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While many studies of domestic collective violence, especially of the black riots of the 1960s, emphasize the causes of violence, James Button's is a major investigation of the consequences of violence. He not only analyzes how and to what extent the national government responded to the black urban riots, but he also moves toward a theoretical definition of the role of collective violence in a democratic society. In so doing, the author clarifies the utility or disutility of collective violence as a minority group strategy for effecting political change.
Using a variety of sources and research techniques, Professor Button evaluates the effects of ghetto violence on public policy from a perspective that ranges from the earliest riots in 1963 to the later riots and their long-term impact through 1972. His use of rigorous empirical evidence to explore policy effects at the federal level fills the gap often left by more impressionistic research limited to case studies at a local level.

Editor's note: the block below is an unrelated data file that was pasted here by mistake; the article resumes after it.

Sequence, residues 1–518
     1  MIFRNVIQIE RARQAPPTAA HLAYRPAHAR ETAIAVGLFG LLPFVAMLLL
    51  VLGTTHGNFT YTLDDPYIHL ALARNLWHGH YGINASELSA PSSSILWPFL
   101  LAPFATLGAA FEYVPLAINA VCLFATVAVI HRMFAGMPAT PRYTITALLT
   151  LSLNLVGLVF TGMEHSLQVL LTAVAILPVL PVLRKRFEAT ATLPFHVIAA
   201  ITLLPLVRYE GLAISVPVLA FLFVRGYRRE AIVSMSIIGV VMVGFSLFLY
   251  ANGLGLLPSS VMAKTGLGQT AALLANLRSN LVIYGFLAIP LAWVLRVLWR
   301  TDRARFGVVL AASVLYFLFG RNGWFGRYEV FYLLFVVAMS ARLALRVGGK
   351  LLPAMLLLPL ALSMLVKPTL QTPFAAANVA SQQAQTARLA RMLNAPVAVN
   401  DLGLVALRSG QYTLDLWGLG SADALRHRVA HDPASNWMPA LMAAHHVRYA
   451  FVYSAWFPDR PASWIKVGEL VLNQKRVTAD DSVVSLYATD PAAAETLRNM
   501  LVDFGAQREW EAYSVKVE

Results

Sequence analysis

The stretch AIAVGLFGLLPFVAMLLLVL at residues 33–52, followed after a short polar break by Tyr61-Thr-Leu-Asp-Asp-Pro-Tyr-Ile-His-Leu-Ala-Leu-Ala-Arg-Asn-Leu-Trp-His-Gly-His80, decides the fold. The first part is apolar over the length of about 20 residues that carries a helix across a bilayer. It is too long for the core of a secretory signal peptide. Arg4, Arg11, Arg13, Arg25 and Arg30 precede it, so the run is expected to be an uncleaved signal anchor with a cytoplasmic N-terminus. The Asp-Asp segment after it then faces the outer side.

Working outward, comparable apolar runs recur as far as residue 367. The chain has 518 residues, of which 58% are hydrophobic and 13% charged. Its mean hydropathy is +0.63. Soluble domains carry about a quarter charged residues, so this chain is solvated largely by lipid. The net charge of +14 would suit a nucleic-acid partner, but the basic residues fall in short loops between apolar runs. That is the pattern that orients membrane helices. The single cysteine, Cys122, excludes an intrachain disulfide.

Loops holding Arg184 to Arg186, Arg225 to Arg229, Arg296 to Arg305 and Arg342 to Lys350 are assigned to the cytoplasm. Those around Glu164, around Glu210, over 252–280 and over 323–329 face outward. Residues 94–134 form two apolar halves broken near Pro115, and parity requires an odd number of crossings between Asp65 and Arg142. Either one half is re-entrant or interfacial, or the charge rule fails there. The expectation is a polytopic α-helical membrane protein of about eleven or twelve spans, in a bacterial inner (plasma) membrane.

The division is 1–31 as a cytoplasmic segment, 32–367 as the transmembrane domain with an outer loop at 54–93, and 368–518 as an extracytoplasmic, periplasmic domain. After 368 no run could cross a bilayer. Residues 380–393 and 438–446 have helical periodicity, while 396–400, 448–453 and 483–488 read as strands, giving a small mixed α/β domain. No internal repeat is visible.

The author's data indicate that many federal executive officials interpreted the acts of black urban violence in the 1960s as politically purposeful revolts intended to make demands upon those in power. James Button's work poses a serious challenge to those who argue that collective violence is apolitical, counterproductive, and pathological.
Originally published in 1978.
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